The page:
Telecom, Cable Industries File Emergency Motion to Kill Net Neutrality Decision

They want a federal court to block the rules before they go into effect June 12.

National Journal
May 13, 2015, 10:22 a.m.

All of the ma­jor tele­com and cable in­dustry groups filed an emer­gency mo­tion Wed­nes­day, ask­ing a fed­er­al court to block the core of net neut­ral­ity reg­u­la­tions.

The rules, which the Fed­er­al Com­mu­nic­a­tions Com­mis­sion ap­proved in Feb­ru­ary, threaten bil­lions of dol­lars in in­vest­ments with un­jus­ti­fied, util­ity-style reg­u­la­tions, the groups wrote in their fil­ing to the U.S. Court of Ap­peals for the D.C. Cir­cuit.

They asked the court to block the rules be­fore they go in­to ef­fect June 12. Or at least, the groups wrote, the court should fast-track their law­suits to get a de­cision as quickly as pos­sible.

The mo­tion was filed by the U.S. Tele­com As­so­ci­ation, the Na­tion­al Cable and Tele­com­mu­nic­a­tions As­so­ci­ation, CTIA-the Wire­less As­so­ci­ation, AT&T, the Amer­ic­an Cable As­so­ci­ation, Cen­turyLink, and the Wire­less In­ter­net Ser­vice Pro­viders As­so­ci­ation.

The In­ter­net pro­viders claimed that the FCC “has ar­rog­ated to it­self breath­tak­ing au­thor­ity over the most trans­form­at­ive tech­no­logy in liv­ing memory.”

Their law­suits, they wrote, “thus present some of the most con­sequen­tial ques­tions this Court is likely to en­counter re­gard­ing tech­no­logy, the fu­ture of the eco­nomy, and the bound­ar­ies of ad­min­is­trat­ive law.”

They claimed that if the court fails to act now, they will suf­fer “im­mense bur­dens and costs” that will be im­possible to undo once the rules take ef­fect.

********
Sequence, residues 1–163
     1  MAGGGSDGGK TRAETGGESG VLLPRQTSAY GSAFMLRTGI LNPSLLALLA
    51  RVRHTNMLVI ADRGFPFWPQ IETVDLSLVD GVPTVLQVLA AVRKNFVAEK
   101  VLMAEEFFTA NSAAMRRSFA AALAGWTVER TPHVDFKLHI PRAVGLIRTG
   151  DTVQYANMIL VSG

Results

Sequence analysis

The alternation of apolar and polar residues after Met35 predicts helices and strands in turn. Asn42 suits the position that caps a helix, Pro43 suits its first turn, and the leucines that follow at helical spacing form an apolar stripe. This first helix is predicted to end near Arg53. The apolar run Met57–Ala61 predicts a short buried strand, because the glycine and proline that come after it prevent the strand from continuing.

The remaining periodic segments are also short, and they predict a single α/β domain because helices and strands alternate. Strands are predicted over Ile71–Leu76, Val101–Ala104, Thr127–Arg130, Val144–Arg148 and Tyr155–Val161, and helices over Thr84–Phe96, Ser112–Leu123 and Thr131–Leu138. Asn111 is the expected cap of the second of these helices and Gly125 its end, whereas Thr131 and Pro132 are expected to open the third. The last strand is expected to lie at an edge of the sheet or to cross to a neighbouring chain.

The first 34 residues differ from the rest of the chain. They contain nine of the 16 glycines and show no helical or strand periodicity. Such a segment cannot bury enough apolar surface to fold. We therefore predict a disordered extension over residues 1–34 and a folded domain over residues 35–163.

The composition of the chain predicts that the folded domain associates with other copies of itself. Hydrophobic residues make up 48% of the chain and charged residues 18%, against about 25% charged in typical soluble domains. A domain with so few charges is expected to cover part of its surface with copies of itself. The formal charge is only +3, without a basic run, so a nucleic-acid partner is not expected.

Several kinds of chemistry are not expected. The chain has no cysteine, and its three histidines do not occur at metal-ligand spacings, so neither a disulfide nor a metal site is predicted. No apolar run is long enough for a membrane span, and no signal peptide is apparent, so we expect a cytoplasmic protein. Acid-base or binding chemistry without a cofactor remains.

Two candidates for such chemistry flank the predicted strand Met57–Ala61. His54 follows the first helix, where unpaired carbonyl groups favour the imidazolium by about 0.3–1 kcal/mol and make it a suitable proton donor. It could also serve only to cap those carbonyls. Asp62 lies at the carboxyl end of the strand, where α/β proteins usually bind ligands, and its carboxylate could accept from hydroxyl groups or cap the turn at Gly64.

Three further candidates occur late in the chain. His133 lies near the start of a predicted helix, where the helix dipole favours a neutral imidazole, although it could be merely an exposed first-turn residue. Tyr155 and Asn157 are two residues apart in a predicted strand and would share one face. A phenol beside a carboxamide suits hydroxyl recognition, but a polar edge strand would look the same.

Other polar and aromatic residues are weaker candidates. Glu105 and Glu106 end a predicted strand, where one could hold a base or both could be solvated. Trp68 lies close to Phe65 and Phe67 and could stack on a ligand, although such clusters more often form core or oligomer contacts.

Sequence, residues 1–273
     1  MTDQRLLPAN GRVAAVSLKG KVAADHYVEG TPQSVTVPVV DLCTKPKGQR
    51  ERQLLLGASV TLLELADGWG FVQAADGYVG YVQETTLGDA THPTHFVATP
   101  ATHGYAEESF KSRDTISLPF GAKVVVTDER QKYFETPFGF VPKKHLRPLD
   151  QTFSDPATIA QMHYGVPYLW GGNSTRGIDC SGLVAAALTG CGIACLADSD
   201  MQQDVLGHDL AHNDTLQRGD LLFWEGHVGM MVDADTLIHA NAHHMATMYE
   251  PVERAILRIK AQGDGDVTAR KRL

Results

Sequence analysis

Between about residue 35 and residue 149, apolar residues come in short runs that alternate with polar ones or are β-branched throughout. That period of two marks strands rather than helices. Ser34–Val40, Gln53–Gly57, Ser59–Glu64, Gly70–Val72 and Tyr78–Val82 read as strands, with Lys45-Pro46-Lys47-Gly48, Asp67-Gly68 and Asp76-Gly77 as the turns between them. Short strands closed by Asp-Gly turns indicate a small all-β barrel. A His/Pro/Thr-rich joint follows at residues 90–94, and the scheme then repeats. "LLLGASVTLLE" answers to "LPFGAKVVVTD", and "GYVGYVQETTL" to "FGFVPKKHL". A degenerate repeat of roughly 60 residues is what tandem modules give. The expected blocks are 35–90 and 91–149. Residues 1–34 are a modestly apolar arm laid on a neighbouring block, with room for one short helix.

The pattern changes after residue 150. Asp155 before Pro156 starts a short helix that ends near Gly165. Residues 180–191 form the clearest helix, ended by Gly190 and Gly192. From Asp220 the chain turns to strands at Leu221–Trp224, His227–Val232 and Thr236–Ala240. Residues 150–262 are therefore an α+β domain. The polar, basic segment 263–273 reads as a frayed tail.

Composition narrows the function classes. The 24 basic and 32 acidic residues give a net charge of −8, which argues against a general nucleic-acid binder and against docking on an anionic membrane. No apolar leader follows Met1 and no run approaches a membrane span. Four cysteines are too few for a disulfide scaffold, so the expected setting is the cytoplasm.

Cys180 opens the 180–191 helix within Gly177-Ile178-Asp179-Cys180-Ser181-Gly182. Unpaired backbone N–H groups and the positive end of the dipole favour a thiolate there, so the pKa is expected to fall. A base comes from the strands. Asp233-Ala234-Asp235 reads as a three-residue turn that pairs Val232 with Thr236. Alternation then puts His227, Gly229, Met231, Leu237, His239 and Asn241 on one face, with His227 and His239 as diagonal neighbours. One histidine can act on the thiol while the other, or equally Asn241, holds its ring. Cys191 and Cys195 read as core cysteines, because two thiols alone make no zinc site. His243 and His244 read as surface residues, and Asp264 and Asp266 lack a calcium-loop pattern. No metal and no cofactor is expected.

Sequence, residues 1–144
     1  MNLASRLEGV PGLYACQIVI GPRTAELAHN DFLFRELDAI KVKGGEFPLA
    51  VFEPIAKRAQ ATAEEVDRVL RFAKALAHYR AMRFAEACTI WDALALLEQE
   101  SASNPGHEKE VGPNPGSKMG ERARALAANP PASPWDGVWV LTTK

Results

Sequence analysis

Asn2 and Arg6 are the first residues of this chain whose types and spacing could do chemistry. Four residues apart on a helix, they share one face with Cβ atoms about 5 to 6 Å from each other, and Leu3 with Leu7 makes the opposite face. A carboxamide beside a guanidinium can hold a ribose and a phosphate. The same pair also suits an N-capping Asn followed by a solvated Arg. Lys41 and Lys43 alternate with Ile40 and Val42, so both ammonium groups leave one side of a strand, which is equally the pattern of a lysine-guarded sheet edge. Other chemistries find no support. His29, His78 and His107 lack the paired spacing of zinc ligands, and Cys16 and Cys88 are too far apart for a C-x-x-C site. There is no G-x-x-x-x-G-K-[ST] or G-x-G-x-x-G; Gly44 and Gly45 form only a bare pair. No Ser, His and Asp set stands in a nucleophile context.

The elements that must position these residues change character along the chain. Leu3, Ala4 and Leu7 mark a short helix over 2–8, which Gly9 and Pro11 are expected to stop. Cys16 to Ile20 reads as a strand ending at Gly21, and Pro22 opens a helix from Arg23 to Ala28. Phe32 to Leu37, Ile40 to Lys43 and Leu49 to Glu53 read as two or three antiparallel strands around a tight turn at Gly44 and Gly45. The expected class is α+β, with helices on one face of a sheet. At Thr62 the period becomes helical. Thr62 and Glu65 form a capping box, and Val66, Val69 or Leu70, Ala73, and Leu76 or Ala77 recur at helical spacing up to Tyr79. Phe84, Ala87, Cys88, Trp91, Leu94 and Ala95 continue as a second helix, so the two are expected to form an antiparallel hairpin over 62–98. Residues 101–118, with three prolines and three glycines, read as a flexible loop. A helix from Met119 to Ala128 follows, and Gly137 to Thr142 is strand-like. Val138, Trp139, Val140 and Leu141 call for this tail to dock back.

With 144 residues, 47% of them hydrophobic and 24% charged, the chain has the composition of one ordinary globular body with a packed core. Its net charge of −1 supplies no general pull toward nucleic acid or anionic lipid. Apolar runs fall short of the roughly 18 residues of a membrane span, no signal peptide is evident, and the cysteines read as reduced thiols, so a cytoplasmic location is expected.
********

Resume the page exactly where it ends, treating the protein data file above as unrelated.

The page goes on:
“We are con­fid­ent that the court will deny the re­quest for a stay,” Kim Hart, an FCC spokes­man, said. “The Open In­ter­net Or­der provides clear and de­fens­ible rules of the road that will en­sure en­force­able pro­tec­tions for con­sumers and in­nov­at­ors on­line.”

The FCC’s net neut­ral­ity rules bar In­ter­net pro­viders from block­ing web­sites, se­lect­ively slow­ing down traffic, or cre­at­ing “fast lanes” for sites that pay. Sup­port­ers of the rules ar­gue they are ne­ces­sary to keep In­ter­net pro­viders from act­ing as gate­keep­ers and con­trolling what people can ac­cess on­line.

The FCC first en­acted net neut­ral­ity rules in 2010, but the D.C. Cir­cuit struck them down in early 2014. In at­tempt to bol­ster the chances of the new rules in court, the FCC dra­mat­ic­ally ex­pan­ded its own reg­u­lat­ory au­thor­ity. The new rules clas­si­fy In­ter­net ser­vice un­der the same reg­u­lat­ory re­gime as tele­phones.

In their fil­ing, the groups ar­gued that Con­gress nev­er in­ten­ded to sub­ject In­ter­net ser­vice to such a bur­den­some reg­u­lat­ory clas­si­fic­a­tion. The com­mis­sion’s de­cision also vi­ol­ates rules for agency pro­ced­ures, they claimed. 

The In­ter­net pro­viders are only ask­ing the court to block the new reg­u­lat­ory clas­si­fic­a­tion for In­ter­net ser­vice. The rules them­selves, they said, could stay in ef­fect as their law­suits move for­ward.

—This art­icle was up­dated with a com­ment from the FCC. 

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